The question was to pick a section from Acts and write how it tells about the mission of the Church. Here’s my answer:
My first thought is of Acts 1.15-26, but this doesn’t really hold much conflict for the future of the Church. So briefly, I’ll just say that I find this section important in that the leadership of the burgeoning Jewish believers in the Messiah was required to have witnessed the Resurrection. While many of us today focus on the death, the Resurrection is central at this moment. Further, the proclamation of the Resurrection is central to the mission of these Jewish believers.
I also would like to have mentioned Acts 8 where Saul of Tarsus is said to go after both men and women in this group, something counter to the culture of the day when only the men were targeted because only men were leaders. Here, though, we get a glimpse that in the early Church, women were a threat enough to be considered dangerous to the non-Messianic Jews behind Saul’s power.
However, the main passage which I will discuss is a combination of three: 8.26-40, 13.46-52 and chapters 10 and 15. Herein is the preaching to the Gentiles proclaimed! We see first that the Ethiopian eunuch, contrary to Deuteronomy 23, is now welcomed into the most holy of holies. No more are the physical limitations or requirements required for the worship of God. Admittedly, the Ethiopian was a God-fearer, but due to some sensitive acknowledgments, couldn’t partake of Abrahamic covenant. Yet, Philip doesn’t require this and instead only asked about his belief in Christ. Cornelius is not subjected either to physical requirements of the Abrahamic Covenant. He was a God-fearer and one who was in every way, but at least one, a follower of the Mosaic Law. He contributed alms and performed works for God. God took notice of the piety here and sent Peter to his house. We know the rest of the story. Following these stories is the call of the Apostle Paul to preach to the Gentiles in 13.46-52. Here, I believe, is the pivot on which Acts turns, and indeed the history of the Church. We have to be careful, however, not to assume too much in regards to the ‘Jews’ of verse 45. However, I note that during this time, there were other things which were written which show that some Jewish sects believed that the Messianic Age would bring about the mass conversion of the Gentiles (I think we see some of this train of thought in Revelation). With Paul’s claim here, the Jewish leaders may have suspected that he was claiming validation for Jesus as Messiah by going now to the Gentiles. But, to top all of this off is the story of the first Ecumenical Council in Jerusalem.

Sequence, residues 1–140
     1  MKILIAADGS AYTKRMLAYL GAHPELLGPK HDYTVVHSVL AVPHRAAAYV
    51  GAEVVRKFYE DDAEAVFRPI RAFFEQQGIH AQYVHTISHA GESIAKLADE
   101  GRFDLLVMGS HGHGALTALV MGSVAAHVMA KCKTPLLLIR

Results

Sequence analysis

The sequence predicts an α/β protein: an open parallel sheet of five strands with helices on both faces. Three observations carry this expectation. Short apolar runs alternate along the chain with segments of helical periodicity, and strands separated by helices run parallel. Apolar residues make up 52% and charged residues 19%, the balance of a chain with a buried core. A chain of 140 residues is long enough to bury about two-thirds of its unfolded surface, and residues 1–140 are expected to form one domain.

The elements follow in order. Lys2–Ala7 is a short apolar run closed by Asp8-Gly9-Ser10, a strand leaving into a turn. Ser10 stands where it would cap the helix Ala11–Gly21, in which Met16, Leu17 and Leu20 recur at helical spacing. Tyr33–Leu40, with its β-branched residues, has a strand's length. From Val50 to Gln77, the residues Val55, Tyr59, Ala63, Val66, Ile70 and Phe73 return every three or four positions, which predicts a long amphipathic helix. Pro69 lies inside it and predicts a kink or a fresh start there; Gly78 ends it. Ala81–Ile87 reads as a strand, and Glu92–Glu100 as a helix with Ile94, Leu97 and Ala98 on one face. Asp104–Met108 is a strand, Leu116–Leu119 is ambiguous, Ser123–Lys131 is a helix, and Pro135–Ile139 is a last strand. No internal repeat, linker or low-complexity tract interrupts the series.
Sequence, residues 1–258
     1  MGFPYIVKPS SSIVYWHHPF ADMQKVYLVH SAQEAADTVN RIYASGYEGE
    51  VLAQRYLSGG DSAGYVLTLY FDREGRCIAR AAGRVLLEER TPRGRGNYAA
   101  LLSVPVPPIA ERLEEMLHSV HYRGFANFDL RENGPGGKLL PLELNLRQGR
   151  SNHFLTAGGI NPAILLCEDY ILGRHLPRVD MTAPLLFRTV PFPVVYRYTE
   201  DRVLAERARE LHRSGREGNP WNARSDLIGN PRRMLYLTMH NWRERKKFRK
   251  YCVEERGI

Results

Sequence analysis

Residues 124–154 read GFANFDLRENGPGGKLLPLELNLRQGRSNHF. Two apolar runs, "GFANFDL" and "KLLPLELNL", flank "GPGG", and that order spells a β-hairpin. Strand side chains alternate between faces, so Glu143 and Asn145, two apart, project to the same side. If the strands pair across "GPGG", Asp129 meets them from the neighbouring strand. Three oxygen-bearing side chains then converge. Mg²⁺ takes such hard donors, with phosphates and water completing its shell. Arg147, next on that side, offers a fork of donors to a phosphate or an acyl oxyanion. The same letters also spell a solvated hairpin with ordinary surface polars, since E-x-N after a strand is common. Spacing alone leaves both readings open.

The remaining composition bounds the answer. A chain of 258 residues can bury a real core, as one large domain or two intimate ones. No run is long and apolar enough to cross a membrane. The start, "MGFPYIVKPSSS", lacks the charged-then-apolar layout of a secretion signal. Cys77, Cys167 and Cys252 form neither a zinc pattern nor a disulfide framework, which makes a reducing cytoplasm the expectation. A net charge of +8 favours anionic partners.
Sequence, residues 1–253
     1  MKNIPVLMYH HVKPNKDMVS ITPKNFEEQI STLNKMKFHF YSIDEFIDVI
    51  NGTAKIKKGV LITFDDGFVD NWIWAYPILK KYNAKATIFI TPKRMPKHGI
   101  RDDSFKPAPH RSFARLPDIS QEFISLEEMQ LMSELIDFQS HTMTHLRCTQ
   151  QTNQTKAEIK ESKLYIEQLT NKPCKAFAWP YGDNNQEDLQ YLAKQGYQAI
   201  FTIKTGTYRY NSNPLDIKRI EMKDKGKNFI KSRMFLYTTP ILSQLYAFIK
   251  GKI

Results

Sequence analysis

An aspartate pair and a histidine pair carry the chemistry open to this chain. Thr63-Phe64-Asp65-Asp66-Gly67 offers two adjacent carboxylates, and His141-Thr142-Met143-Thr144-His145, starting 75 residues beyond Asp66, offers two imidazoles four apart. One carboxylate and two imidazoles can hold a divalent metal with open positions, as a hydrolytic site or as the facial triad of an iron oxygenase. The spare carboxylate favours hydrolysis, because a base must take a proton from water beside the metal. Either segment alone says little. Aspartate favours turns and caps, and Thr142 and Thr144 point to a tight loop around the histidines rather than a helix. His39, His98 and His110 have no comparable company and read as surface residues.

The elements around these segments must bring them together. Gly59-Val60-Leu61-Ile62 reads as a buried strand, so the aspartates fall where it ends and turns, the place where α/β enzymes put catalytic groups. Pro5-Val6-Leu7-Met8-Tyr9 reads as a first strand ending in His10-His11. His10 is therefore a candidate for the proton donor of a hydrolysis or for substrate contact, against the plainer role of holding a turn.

This council had been called to determine if circumcision was to be the requirement. Already Philip and Peter had refused to consider. Historically, we know that this is what kept many of the God-fearers out of Judaism, but now the Messiah Believers were not requiring this to be a Jew any longer because of Jesus. Nor was the strict adherence to the Mosaic Law. After the discussion, the first encyclical was issued and which settled the matter at least for the Jerusalem assembly. We see this in Galatians and other epistles by Paul. The conflicts which arose when the Gentiles came in were not as simple as many see it. Gentiles were already proselytes. Many more were God-fearers. (They just couldn’t make the final cut into Judaism). But now, because Jesus was being heralded as the Messiah, they could partake of the Covenant with Israel and indeed, this had to frighten various sects of the Jews, some of which had rested on prophecies that the Messianic Age would bring about the conversion of the Gentiles.
I think that overall, Luke was validating the mission to the Gentiles and the ‘laxity’ in which they celebrated the Mosaic Law. I further think that it is Peter’s speech in Acts 15.7-11 which is key here. That the Gentiles believers were the same as the Jews and were now saved the same way. Further, Peter mentions that the Jews were saved by the Grace of the Lord Jesus Christ as now were the Gentiles. James goes on then to issue the epistle which alleviates the Gentile’s requirement to obey the Law of Moses. If everything is the same – the Spirit, the Grace, and the position in the Covenant – then surely Luke is leaving open the theological assumption that the duty to the Law of Moses must also be the same between Jew and Gentile.